From Unit Plan: Teach Skills With Nursery Rhymes!

The books listed here are rich in both language and plot. These authors have taken beloved nursery rhymes and given the characters a fresh voice full of emotion. I have arranged the books in the order I introduce them to the students. We use this same order for the unit culmination activity performance.

I've also included additional resources useful for teaching this unit.

Nursery Rhyme Books

Humpty Dumpty
by Daniel Kirk

This extremely creative take on perhaps the most well-known nursery rhyme character of all time, Humpty Dumpty, is a must read!

Classroom Tip: Use this book when making the story flipbook described in Lesson 3. (It is also a valuable resource to introduce the concept of feelings.)

Little Miss Muffet's Count-Along Surprise
by Emma Chichester Clark

This inventive version of Little Miss Muffet offers delightful surprises — and plenty of new rhymes — for all readers.

Classroom Tip: First I recite the traditional version of "Little Miss Muffet," and then we role-play the nursery rhyme. Once the students can recite the traditional version, I surprise them with these new stanzas by Clark.

Over the Moon
by Rachel Vail

A hysterical version of "Hey Diddle Diddle." The characters are attempting to put on a stage production of "Hey Diddle Diddle," but fiasco-level chaos erupts. It is a wonderful way to introduce the theater process to the students.

Classroom Tip: Use this story as a read-aloud when you are ready to start rehearsing the show. Discuss what happens when we do not work together as a group.

And the Dish Ran Away With the Spoon
by Janet Stevens and Susan Stevens Crummel

The characters from "Hey Diddle Diddle" search high and low for the Dish and the Spoon. They travel through other nursery rhymes, asking nursery rhyme characters if they've seen them. It's a fun read with a creative ending.

Classroom Tip: Use this book with Over the Moon to do a Venn diagram comparing and contrasting the two stories. It's also good for illustrating how writers can create a new ending for an old story.

Jack and Jill
by Daniel Kirk

Mr. Kirk has done it again! Our beloved Jack and Jill show new depth and humor in this student favorite.

Classroom Tip: Since Jack and Jill make a pair, I also use the story to demonstrate what a pair is. Then I introduce a community-building strategy called "Think-Pair-Share." The students are to think about what they are going to say when asked about a topic. Then the students get into pairs and share what they are thinking.

Rub a Dub Dub
by Kin Eagle

Mr. Eagle takes a simple concept and spins a cheerful and innovative yarn.

Classroom Tip: Rub a Dub Dub is a terrific story to use when introducing the concept of community workers. After we read the book, I invite people from the community to come in as guest speakers to talk about what they do.

Mary Had a Little Lamb
by Sarah Joseph Hale

A fun change of pace: instead of illustrations, this book features beautiful photographs of Mary and her lamb.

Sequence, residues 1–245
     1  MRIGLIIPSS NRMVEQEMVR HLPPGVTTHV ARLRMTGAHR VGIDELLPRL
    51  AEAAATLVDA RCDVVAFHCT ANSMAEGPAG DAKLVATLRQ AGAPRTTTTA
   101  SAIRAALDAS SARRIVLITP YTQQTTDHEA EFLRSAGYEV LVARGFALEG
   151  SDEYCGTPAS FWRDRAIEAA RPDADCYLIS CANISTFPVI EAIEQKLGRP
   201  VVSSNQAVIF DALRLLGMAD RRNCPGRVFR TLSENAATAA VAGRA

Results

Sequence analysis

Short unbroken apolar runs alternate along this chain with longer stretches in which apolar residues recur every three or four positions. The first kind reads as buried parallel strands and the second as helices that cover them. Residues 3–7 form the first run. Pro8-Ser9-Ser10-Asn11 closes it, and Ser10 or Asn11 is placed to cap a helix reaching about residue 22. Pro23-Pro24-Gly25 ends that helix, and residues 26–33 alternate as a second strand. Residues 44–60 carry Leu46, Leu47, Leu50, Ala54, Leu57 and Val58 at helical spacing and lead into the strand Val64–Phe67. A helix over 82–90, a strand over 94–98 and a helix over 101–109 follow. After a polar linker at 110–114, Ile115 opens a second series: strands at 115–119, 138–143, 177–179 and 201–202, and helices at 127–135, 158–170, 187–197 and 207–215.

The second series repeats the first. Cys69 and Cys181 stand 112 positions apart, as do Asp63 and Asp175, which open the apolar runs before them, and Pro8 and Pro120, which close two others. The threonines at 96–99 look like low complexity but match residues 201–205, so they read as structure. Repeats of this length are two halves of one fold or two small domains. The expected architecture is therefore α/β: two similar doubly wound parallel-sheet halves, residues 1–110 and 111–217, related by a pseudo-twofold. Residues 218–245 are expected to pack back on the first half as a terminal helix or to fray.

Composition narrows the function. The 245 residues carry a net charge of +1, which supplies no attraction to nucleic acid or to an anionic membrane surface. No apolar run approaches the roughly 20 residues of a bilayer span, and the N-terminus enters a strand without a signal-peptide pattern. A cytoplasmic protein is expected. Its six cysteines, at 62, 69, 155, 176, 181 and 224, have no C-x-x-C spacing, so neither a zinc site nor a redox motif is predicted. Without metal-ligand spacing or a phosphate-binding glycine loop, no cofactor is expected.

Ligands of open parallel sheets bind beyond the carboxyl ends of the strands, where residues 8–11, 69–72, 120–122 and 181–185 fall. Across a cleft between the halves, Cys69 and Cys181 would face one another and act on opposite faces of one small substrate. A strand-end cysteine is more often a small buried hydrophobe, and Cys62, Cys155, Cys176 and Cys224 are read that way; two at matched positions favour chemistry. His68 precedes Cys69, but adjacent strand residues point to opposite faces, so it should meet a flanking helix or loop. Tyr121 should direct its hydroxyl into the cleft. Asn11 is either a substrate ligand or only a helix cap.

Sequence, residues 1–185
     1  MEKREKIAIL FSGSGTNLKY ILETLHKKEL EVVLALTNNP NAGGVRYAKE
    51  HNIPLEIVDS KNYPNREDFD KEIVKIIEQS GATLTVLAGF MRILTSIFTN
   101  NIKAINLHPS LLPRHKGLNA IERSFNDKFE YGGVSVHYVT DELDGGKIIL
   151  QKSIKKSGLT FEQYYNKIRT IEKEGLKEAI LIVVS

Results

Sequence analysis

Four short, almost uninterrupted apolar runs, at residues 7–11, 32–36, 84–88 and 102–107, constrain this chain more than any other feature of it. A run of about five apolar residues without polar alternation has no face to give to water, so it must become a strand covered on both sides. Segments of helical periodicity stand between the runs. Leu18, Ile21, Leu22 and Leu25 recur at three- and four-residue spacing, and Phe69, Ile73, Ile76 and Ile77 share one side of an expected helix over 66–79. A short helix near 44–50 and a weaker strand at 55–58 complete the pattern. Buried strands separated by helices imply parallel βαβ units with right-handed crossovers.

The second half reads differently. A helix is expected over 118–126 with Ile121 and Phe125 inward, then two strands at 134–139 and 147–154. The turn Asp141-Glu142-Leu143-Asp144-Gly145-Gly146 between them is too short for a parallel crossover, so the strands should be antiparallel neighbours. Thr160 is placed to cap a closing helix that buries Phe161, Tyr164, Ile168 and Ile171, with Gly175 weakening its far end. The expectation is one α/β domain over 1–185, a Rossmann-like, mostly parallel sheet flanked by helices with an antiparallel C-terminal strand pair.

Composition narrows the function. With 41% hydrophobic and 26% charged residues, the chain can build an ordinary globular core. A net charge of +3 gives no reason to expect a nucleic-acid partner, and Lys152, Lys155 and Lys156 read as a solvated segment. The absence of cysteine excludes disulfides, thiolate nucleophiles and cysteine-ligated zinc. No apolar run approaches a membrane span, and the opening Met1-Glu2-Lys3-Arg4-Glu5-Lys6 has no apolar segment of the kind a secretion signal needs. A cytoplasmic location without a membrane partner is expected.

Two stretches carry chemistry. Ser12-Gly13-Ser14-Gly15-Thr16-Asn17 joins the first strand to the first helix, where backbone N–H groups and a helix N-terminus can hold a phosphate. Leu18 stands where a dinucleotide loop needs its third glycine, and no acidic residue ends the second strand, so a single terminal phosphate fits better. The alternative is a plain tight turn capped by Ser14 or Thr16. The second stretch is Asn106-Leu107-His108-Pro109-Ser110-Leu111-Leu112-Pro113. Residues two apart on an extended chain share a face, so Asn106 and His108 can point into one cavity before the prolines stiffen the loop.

Classroom Tip: I read this story to the students, and then we do our own adaptation of the story, made with pictures of the students acting out the nursery rhyme. It's a class library favorite.

Other Useful Resources

The Fairytale Cake
by Mark Sperring

All our favorite nursery rhyme characters come together to bake a magical cake.

Classroom Tip: The students discuss who their favorite nursery rhyme character is and why. I integrate this story by teaching the students how to make a cake. I write and draw pictures to go along with each step.

Orchard's Little Green Book of Nursery Rhymes
illustrated by Nila Aye

This is a beautifully illustrated collection of traditional nursery rhymes.

Classroom Tip: I read one of the nursery rhymes a day as a way to end our session together. The collection leaves the students with a strong and vivid image of each nursery rhyme.

Inch by Inch
by Leo Lionni

An inchworm gets out of some sticky situations by using his measuring talents.

Classroom Tip: Read this during Lesson 2 as a way to revisit the concept of measurement.

Scholastic Interactive Pocket Charts: Nursery Rhymes: The Hands-On Way to Build Reading Skills!
Scholastic Inc.

A colorful, pre-made pocket chart with all your favorite nursery rhymes ready to use.

Classroom Tip: The students interact with the pocket chart by matching a picture with the sentence that it represents. The pocket chart is terrific for all literacy skills.

Nursery Rhyme Flip Chart
by Deborah Schecter

Beautifully illustrated nursery rhyme charts.

Classroom Tip: Have your students follow along on the flip chart as you teach them each new nursery rhyme.

Hickory Dickory Math: Teaching Math With Nursery Rhymes and Fairy Tales
by Cecilia Dinio-Durkin

An integration of familiar nursery rhymes and mathematical concepts.

Classroom Tip: Use "The Old Woman in the Shoe" for estimating and counting. I use "Hickory Dickory Math" for telling time. Use the "Humpty Dumpty" tangrams when you are teaching "Humpty Dumpty." Use "Baa Baa Black Sheep" for counting and number combinations.

Teaching Tunes Audio CD and Mini-Book Set
by Dr. Jean Feldman

An enchanting CD for teaching favorite nursery rhymes and reinforcing literacy skills.

Classroom Tip: To reinforce what students have learned, play the CD while they are engaged in independent work.

15 Easy-to-Read Nursery Rhyme Mini-Book Plays
by Nancy I. Sanders

A fun way to promote emergent literacy skills.

Classroom Tip: Ideas across the curriculum abound in this book: Use Hey Diddle Diddle to promote reading skills by creating a class newspaper in which students print their nursery rhyme reviews. Use the Humpty Dumpty page to reinforce word families.